In the Days of Poor Richard eBook

This eBook from the Gutenberg Project consists of approximately 387 pages of information about In the Days of Poor Richard.

“‘A man who likes a good joke will never drive a spavined hoss,’ he answered merrily.

“So it happened that the mare Nancy fell into the hands of Reuben Smith.”



When Jack and Solomon returned to headquarters, Arnold and his wife were settled in a comfortable house overlooking the river.  Colonel Irons made his report.  The Commander-in-Chief complimented him and invited the young man to make a tour of the camp in his company.  They mounted their horses and rode away together.

“I learn that General Arnold is to be in command here,” Jack remarked soon after the ride began.

“I have not yet announced my intention,” said Washington.  “Who told you?”

“A man of the name of Henry Thornhill.”

“I do not know him but he is curiously well informed.  Arnold is an able officer.  We have not many like him.  He is needed here for I have to go on a long trip to eastern Connecticut to confer with Rochambeau.  In the event of some unforeseen crisis Arnold would know what to do.”

Then Jack spoke out:  “General, I ought to have reported to you the exact words of Governor Reed.  They were severe, perhaps, even, unjust.  I have not repeated them to any one.  But now I think you should know their full content and Judge of them in your own way.  The Governor insists that Arnold is bad at heart—­that he would sell his master for thirty pieces of silver.”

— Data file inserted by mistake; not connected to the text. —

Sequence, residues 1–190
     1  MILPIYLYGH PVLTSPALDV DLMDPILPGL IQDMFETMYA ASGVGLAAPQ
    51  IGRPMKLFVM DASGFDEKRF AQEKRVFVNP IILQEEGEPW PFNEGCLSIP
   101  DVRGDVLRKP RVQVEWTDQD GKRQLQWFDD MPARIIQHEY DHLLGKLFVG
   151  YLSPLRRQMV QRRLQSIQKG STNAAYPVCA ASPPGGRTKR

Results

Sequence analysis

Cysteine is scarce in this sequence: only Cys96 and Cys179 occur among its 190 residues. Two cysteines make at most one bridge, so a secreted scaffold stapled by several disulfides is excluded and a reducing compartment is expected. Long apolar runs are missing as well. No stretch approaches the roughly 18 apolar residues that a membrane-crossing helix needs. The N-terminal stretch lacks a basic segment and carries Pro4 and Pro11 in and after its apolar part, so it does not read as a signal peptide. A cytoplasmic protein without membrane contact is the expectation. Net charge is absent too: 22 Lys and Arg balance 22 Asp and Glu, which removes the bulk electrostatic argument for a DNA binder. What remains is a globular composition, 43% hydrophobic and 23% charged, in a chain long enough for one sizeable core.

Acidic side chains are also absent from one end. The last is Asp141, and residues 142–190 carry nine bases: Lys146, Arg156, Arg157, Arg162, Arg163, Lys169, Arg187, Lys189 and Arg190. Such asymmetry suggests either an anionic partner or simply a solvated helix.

Washington made no reply, for a moment, and then his words seemed to have no necessary relation to those of Jack Irons.

“General Arnold has been badly cut up in many battles,” said he.  “I wish him to be relieved of all trying details.  You are an able and prudent man.  I shall make you his chief aide with the rank of Brigadier-General.  He needs rest and will concern himself little with the daily routine.  In my absence, you will be the superintendent of the camp, and subject to orders I shall leave with you.  Colonel Binkus will be your helper.  I hope that you may be able to keep yourself on friendly terms with the General.”

Jack reported to the Commander-in-Chief the warning of Thornhill, but the former made light of it.

“The air is full of evil gossip,” he said.  “You may hear it of me.”

When they rode up to headquarters Arnold was there.  To Jack’s surprise the Major-General greeted him with friendly words, saying: 

“I hope to know you better for I have heard much of your courage and fighting quality.”

“There are good soldiers here,” said Jack.  “If I am one of them it is partly because I have seen you fight.  You have given all of us the inspiration of a great example.”

It was a sincere and deserved tribute.

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In the Days of Poor Richard from Project Gutenberg. Public domain.
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